Lead can occur due to corrosion of lead containing household plumbing and by industrial pollution. Major toxic effects include anemia, neurological dysfunction/damage and renal impairment.

Uranium is a tasteless, colorless, odorless contaminant. Drinking water with uranium amounts exceeding 30ug/L can lead to increased cancer risk, liver damage, or both.

Copper has both long term and short term effects. Some people with short term exposure, experience gastrointestinal distress, and with long-term exposure may experience liver or kidney damage. It is typically introduced into the water from household plumbing systems.

Fluoride has been shown to reduce tooth decay in children's teeth if they receive an adequate level. The optimal concentration, as recommended by CDC is approximately 1.1 mg/L. In the range of 2.0-4.0 mg/L of fluoride, staining of tooth enamel is possible. Above 4.0 mg/L, studies have shown the possibility of skeletal fluorosis, as well as the staining of teeth.

Radon is the second leading cause of lung cancer. High levels of radon gas occur naturally in Maine soil and water, and can move up into a house from the ground. The house then traps the radon in the air inside. Radon gas can also dissolve into well water, which is then released into the air when you use the water.

What Should I Do If The Laboratory Finds Something In My Water?

If tests on your water indicate problems, the next step is to determine what type of system you need to treat the water. This can be a difficult decision because there is a wide variety of water treatment devices on the market today. Water purifiers range from relatively low-cost, simple filter devices for a kitchen faucet to more expensive, sophisticated systems that treat water from its point of entry into a home. Keep in mind, no one water treatment device can solve every problem.  

Rebecca Labranche, the Laboratory Director for A & L Laboratory. A & L Laboratory which specializes in drinking water analysis for both public systems and private wells, throughout the State of Maine.

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5 Things To Know About Arsenic In Drinking Water

5 Things To Know About Arsenic In Drinking Water

Eric Roy, Ph.D.  | Scientific Founder  

There has been some recent press coverage about arsenic contamination in drinking water.  Predictably, our email and support line have been filled with questions on the topic.  While we have written other articles in the past about well water in general, the purpose of this article is to specifically answer FAQs about health effects of arsenic in drinking water, and to dispel some myths about arsenic in drinking water.

Why Should I Care About Arsenic In Drinking Water?

Arsenic is a toxic substance that is linked to a long list of health problems in humansFor example, arsenic can cause a number of different cancers (e.g. skin, bladder, lung, liver, prostate), as well as create non-cancerous problems with cardiovascular (heart/blood vessels), pulmonary (lungs), immune, neurological (brain), and endocrine (e.g. diabetes) systems.  Simply put, the health effects of arsenic in drinking water are bad news, and you can't see, taste or smell it in water.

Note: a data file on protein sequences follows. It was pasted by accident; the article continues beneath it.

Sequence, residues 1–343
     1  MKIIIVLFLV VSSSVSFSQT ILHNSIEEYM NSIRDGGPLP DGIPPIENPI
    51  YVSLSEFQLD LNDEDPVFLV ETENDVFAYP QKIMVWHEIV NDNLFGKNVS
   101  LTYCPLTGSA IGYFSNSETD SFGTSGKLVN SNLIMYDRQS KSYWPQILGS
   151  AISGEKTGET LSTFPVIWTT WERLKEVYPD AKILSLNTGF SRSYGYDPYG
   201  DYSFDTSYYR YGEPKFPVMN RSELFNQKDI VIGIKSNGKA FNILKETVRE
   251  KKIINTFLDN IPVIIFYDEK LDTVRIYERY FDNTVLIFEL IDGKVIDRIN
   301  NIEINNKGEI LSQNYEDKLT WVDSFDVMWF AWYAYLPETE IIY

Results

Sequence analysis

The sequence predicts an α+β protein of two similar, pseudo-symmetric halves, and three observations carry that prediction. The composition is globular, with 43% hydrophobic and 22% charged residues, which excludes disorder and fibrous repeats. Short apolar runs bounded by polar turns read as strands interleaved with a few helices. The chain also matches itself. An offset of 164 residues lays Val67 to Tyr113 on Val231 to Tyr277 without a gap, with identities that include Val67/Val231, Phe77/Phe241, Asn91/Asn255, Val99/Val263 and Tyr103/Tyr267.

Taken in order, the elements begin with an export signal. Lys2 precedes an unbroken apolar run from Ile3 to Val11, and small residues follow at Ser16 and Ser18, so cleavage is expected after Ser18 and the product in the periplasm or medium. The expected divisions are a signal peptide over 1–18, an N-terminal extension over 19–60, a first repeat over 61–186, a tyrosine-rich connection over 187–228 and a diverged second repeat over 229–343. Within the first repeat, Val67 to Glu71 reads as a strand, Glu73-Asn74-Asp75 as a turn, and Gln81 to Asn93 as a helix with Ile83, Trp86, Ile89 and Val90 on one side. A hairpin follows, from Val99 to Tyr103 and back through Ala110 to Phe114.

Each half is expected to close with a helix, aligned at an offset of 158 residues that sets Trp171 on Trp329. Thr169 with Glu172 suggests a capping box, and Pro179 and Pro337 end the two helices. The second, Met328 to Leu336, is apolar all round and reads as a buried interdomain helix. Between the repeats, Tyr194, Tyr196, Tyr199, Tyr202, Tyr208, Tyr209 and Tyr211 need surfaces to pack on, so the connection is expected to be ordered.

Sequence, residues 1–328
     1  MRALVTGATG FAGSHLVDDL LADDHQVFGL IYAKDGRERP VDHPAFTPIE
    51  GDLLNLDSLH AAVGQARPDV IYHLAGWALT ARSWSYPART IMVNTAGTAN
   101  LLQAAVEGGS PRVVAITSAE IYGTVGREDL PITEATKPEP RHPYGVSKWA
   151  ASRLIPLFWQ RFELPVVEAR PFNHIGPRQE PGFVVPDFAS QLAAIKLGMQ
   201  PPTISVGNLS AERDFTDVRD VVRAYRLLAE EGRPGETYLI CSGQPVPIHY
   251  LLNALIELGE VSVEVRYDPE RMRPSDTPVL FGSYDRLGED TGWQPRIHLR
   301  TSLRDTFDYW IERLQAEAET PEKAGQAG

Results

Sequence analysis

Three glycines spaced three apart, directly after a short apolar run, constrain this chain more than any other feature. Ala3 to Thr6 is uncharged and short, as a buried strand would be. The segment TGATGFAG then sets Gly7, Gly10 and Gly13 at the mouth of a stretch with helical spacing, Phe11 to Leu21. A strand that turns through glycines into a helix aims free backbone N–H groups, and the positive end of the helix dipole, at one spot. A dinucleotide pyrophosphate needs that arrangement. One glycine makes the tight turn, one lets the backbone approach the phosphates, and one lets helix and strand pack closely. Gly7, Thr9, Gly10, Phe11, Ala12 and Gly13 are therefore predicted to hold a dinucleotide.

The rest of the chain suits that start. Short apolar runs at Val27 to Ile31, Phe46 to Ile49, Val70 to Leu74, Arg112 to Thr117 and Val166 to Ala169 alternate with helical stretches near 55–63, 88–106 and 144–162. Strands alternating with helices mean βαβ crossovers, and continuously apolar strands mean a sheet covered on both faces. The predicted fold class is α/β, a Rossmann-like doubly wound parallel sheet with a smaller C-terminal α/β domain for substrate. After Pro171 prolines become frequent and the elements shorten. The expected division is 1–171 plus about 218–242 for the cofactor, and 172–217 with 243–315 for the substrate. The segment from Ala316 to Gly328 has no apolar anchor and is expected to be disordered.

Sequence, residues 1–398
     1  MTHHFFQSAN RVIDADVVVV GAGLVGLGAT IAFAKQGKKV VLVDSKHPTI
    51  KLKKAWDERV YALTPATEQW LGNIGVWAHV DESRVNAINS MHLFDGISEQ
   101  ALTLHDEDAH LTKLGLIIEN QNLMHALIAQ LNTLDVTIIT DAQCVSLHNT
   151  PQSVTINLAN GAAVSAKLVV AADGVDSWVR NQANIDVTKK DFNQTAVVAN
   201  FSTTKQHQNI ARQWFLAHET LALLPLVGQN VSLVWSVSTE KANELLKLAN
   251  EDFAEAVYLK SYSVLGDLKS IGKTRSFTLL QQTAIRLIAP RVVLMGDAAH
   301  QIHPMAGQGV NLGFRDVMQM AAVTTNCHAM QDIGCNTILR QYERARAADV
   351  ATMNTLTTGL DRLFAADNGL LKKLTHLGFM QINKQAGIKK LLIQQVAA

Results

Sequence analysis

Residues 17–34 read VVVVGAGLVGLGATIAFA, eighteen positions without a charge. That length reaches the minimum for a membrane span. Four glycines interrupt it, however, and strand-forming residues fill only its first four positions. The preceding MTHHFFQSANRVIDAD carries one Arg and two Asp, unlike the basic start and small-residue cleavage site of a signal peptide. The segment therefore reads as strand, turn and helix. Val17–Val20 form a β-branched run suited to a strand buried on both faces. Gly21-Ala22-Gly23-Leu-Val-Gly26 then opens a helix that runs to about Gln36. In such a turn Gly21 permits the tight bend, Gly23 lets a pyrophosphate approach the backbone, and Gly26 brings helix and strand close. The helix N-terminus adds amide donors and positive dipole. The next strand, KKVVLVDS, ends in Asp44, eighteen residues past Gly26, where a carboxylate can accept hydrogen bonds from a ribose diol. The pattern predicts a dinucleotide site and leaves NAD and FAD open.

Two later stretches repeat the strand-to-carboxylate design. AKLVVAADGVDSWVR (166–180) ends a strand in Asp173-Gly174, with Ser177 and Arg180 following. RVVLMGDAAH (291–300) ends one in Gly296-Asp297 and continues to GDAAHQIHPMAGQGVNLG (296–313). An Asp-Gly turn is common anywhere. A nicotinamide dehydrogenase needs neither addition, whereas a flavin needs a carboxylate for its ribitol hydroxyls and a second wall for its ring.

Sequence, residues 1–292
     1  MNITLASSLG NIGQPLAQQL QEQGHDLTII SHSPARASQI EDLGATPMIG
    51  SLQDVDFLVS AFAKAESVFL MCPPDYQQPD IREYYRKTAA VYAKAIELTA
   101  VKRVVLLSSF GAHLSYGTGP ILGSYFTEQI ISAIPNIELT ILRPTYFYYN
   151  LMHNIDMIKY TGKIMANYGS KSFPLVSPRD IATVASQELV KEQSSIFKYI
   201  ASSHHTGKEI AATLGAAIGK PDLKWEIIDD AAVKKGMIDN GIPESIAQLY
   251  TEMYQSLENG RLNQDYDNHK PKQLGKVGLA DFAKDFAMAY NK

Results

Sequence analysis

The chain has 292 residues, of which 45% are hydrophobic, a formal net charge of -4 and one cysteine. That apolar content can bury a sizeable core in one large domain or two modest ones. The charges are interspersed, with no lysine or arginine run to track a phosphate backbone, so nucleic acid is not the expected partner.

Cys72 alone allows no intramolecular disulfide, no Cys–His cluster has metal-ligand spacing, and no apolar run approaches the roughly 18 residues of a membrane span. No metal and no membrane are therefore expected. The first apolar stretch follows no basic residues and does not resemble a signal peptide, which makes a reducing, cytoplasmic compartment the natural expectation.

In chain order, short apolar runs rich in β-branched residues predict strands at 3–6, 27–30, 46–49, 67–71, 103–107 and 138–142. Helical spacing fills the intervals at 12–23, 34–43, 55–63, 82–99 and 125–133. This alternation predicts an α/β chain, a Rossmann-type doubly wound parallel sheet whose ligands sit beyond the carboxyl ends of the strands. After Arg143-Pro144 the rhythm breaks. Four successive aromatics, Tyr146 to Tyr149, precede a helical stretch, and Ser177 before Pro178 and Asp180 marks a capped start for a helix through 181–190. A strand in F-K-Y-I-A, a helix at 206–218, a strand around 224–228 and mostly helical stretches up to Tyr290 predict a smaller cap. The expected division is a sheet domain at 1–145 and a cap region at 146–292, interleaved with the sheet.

What Are The Different Types Of Arsenic Found In Drinking Water?

Nearly all arsenic found in drinking water is inorganic.  There are two types of inorganic arsenic, Arsenic(III) and Arsenic(V), and both are toxic.  The ratio of the two forms depends on what part of the country you live in, and whether or not your water is chlorinated, becasue chlorine quickly converts Arsenic(III) to Arsenic(V).  

How Does Arsenic Contaminate Drinking Water?

While arsenic-containing pesticides can contaminate water, most arsenic contamination comes from the area's natural geology.  This means that arsenic can contaminate seemingly pristine water in certain parts of the country, including private wells.  The map below is from USGS and shows arsenic groundwater concentrations.  In this map, you can see prevalent arsenic hot spots in places like Maine, Wisconsin, Texas, and various areas across the western part of the US.

Map Of Arsenic Concentrations In Groundwater

How Much Arsenic Is Toxic?

EPA acknowldeges that there is no safe level of arsenic for drinking water (MCLG = 0), but has set a regulatory limit of 10 parts per billion (ppb) for arsenic in drinking water.  When this level was negotiated, scientists were pushing for a 3 ppb, but ultimately EPA decided that the cost of lowering the allowable level to 3 ppb would "not justify the benefits."  We recently wrote a dedicated article on how EPA determines acceptable levels of contaminants in drinking water that you can read if you would like more information on this topic.

It's also worth pointing out that a large number of people in the US draw water from private wells, and that most well water "checks" do NOT test for arsenic.  If you live in an area on the map with hot spots, we highly recommend getting arsenic testing done by a qualified water testing lab.  Test kits from hardware stores are not accurate, and cheap TDS meters and "water testers" tell you nothing about arsenic. 

What Can I Do To Reduce Exposure To Arsenic?